While utilization levels are a little lower, Medicaid’s office-based physician and dental expenditures are about one-third to one-half lower than private insurance for adults. These enormous expenditure gaps suggest that upgrades to Medicaid physician services for adults, such as moderate payment rate increases and improvements in payment processing, could improve access to office-based physician services, and Medicaid would still be less expensive than private insurance. Similarly, expanding adult Medicaid dental coverage and bolstering dental payment rates could improve dental access improvements, and Medicaid would still cost less than private insurance. Together, physician and dental services constitute a small fraction of total Medicaid costs, and modest increases in these two services would affect overall program expenditures only marginally. Health reform provides an opportunity to improve Medicaid physician and dental services for adults.

Another important question is how the quality of care compares in Medicaid and private insurance. This is much more difficult to assess, but a major RAND study found that both Medicaid and private insurance have imperfect records. The percentage of adult patients who received appropriate medical care was about the same — 54-55 percent — regardless of whether patients were covered by Medicaid or private insurance. Under health reform, we need to engage in a long-term effort to improve quality in both public and private systems.

Medicaid was designed for low-income populations and includes benefits, such as preventive care benefits and nonemergency transportation, that private insurance policies often lack. While these benefits are relatively inexpensive, low-income people often lack the discretionary income to obtain them unless they are covered by insurance. For example, a number of studies have shown that low-income children covered by Medicaid or CHIP are more likely than privately insured children to get preventive care.

Health Care Providers

Many wonder whether we will have enough health care providers to provide high-quality care for the newly insured after health reform. Early reports indicate that waiting times to see physicians rose after Massachusetts’ health reform because there were not enough providers — particularly primary care physicians — in the short run. In many parts of the country, this may be a challenge regardless of whether low-income people are covered by Medicaid or private insurance.

In Massachusetts, a relief valve that eased the situation was the ability of nonprofit community health centers to expand capacity to pick up many of the low-income newly insured. It is worth noting that while Medicaid usually pays less than private insurance, Medicaid’s payment rates to health centers and rural health clinics are enhanced and are typically higher than rates paid by private insurance. The enhanced rates help assure financial stability for these facilities in medically underserved communities and, in the case of health centers, prevent Medicaid programs from cost shifting onto grant funds meant to support care of the uninsured. Whether Medicaid or insurance exchanges are used, expansions of the health care safety net, such as community health centers, will be needed to help serve the newly insured low-income; federal grants can serve as investments to spur the growth.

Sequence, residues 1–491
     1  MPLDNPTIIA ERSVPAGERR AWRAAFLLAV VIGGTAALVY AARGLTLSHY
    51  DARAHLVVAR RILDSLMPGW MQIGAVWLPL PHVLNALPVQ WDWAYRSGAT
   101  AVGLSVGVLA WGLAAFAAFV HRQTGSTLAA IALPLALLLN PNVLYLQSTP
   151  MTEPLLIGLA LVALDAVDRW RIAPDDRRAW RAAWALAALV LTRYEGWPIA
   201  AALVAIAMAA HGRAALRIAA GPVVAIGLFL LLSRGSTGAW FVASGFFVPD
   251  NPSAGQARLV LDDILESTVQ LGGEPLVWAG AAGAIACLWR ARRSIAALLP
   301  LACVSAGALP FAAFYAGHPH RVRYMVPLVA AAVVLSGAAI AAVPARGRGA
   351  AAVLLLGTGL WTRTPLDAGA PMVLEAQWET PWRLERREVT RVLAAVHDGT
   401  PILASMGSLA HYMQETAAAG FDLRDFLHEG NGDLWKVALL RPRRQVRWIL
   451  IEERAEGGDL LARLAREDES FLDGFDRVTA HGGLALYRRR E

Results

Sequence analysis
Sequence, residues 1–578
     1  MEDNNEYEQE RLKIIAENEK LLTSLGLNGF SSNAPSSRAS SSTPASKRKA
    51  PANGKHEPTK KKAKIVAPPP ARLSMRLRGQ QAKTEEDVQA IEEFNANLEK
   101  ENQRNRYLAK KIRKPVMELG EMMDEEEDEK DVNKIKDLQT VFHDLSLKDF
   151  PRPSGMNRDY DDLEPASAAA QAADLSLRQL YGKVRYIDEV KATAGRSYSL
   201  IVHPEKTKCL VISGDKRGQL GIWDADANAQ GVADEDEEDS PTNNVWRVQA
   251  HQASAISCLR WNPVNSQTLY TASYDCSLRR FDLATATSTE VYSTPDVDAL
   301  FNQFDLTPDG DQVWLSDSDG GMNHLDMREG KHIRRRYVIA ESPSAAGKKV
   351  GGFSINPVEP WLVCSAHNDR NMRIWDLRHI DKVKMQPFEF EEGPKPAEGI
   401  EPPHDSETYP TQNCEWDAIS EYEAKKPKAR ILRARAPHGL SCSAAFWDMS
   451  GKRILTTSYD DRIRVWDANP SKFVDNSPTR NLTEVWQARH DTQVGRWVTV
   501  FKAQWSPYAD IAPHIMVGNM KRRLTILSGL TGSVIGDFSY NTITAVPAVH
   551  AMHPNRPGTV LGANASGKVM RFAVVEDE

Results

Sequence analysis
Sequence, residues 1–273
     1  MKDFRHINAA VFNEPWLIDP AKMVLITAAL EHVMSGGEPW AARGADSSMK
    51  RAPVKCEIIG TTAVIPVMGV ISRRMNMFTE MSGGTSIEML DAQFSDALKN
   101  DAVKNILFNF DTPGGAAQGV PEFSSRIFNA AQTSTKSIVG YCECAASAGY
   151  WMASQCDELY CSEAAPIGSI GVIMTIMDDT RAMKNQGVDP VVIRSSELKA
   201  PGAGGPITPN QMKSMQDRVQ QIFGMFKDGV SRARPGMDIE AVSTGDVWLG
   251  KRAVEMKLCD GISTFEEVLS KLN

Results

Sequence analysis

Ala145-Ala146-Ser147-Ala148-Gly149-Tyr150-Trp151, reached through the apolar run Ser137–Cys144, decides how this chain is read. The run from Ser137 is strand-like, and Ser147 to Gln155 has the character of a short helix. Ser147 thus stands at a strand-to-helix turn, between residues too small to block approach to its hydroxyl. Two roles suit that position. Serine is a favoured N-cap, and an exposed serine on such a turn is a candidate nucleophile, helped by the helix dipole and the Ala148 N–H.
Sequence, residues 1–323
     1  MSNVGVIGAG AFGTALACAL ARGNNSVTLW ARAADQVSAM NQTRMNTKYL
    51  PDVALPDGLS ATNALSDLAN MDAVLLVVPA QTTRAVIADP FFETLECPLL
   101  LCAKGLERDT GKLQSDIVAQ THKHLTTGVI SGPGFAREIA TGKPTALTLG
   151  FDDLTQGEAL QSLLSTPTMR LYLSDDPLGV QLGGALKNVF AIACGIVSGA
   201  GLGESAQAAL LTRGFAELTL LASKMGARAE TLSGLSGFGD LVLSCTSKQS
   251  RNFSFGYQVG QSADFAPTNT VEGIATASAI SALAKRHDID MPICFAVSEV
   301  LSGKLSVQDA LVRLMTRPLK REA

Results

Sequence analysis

Both Medicaid and private insurance could do more to bolster incentives for high-quality primary care services; patient-centered medical home and related initiatives are under way across the country and should be further tested and strengthened. But the challenge of ensuring an adequate supply of primary health care professionals, including physicians, nurse practitioners, physician assistants, and others, is broader than just insurance reform and will require direct investments in the health care workforce and a fundamental rethinking of how public investments in training programs are designed.

States And Enhanced Federal Funding

The most challenging barrier to a major Medicaid expansion is that most states are now experiencing the worst budget crisis in decades and will continue to face structural budget problems for the foreseeable future. Unlike the federal government, almost all states are required to balance their budgets and will confront major difficulties in paying for Medicaid expansions. Realistic approaches to offset costs for states include increasing overall federal matching rates; completely federalizing the costs of the expansion; and/or federalizing certain Medicaid expenditures, such as long-term care costs. Both the federal government and the states often seek to shift costs from one party to the other. One way or the other, public financing will be needed to expand coverage for low-income Americans, and the macroeconomic effects will be similar regardless of whether federal or state funds are used to meet these costs.

No matter what the mechanism, the cost of providing adequate health insurance coverage to the millions of low-income uninsured Americans will be high, although some of the costs can be offset through savings in our health care system. Nonetheless, if our intentions are serious, Medicaid expansion is the most cost-effective and appropriate method available.